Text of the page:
There are lots of stories about the formation of AWS, but this much we know: 10 years ago, Amazon Web Services, the cloud Infrastructure as a Service arm of Amazon.com, was launched with little fanfare as a side business for Amazon.com. Today, it’s a highly successful company in its own right, riding a remarkable $10 billion run rate.
In fact, according to data from Synergy Research, in the decade since its launch, AWS has grown into the most successful cloud infrastructure company on the planet, garnering more than 30 percent of the market. That’s more than its three closest rivals — Microsoft, IBM and Google — combined (and by a fair margin).
查看原链接：How AWS came to be
Apple Watch 是个 100亿美金的生意
这篇文章以Fitbit、Gopro 为坐标，从苹果「不透明」的财报里挖掘出 Apple Watch 是个 100亿 美金的生意：
Along those lines, I used three consumer tech hardware peers:
- Apple: Given the iPhone's share of Apple revenue and operating income, we can use Apple's current market valuation as a proxy for how the market is valuing the iPhone business. Apple currently sells at a 2.6x price/revenue ratio.
- Fitbit: Fitbit derives pretty much all of its revenue from wrist wearable hardware sales. This places the company as the most direct peer of Apple Watch Inc. Fitbit currently sells at a 1.1x price/revenue ratio.
GoPro: GoPro serves as a good proxy for how the market is valuing a hardware company with slowing sales, increasing competition, and an unknown future. Things aren't looking good for GoPro although the company does appear to be making one last ditch effort to reinvent itself by hiring Danny Coster from Apple. GoPro currently sells at a 1.1x price/revenue ratio.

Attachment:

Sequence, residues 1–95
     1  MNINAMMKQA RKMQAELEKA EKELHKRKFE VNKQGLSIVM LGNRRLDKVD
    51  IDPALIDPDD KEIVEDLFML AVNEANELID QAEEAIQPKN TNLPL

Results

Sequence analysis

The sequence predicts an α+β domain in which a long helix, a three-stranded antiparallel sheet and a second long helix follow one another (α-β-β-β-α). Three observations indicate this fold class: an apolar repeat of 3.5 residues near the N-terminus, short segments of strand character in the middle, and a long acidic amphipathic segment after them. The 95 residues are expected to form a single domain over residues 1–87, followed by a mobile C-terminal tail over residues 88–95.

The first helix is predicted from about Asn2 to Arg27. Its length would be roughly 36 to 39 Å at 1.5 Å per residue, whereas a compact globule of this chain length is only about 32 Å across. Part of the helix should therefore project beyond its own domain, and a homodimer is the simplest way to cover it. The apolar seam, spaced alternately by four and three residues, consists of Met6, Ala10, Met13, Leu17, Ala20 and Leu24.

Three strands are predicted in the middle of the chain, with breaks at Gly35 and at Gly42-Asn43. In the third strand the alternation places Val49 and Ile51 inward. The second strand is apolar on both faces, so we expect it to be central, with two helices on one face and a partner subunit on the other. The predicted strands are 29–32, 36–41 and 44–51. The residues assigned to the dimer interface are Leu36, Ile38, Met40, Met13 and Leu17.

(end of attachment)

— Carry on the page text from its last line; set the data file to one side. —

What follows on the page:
The interesting element found with these three peers is that each company is facing significant questions about hardware sales growth. While much has been said about GoPro's and Fitbit's issues, even Apple is expected to report a 15% decline in revenue in 2016. Accordingly, even if we assume Apple Watch revenue will decline over the next year (something that may be possible) this doesn't necessarily imply that the Watch should be rewarded a valuation multiple much lower than Apple, let alone Fitbit or GoPro.
As seen in Exhibit 2, I estimate that if Apple Watch was a standalone entity, it would be worth $10 billion. This estimate reflects a 1.7x price/revenue multiple, which is higher than Fitbit and GoPro's current price/revenue multiple. A higher multiple is justified due to Apple Watch's strength when it comes to appealing Watch bands, stronger customer loyalty, and deeper software and hardware integration. I am valuing Apple Watch in-line with Apple's enterprise value/revenue multiple. Even though the wearables category is much less established than the iPhone business, growth prospects remain quite attractive for the Apple Watch market in comparison to the mature smartphone industry.
What’s happening with technology in our culture and society is just evolution. Technology is not undermining real human interactions. Instead, it is exposing people for who they really are. I have been asked many times, “What are we teaching the young people?” I’ve watched the behavior of 14 year old girls spending 10 minutes to take the best selfie, post it on Instagram, and then take it down when it doesn’t get enough likes. This superficial behavior tends to concern pundits who think that technology is the cause of this appearance driven, attention seeking behavior in teenagers. But the thing is, teenagers have always strived to be liked and sought the attention of their peers and potential significant others. Selfies on Instagram is the evolution of this same behavior.
Technology provides us additional pathways to act on these behavioral tendencies that have always existed. We should not “feel sorry” for the couple on a date who are looking at their phones. For all we know, their phones are providing a different, more constructive outlet to focus their attention instead of allowing for arguments or an awkward silences. Two people who didn’t like each other would ignore each other regardless of Instagram or Angry Birds.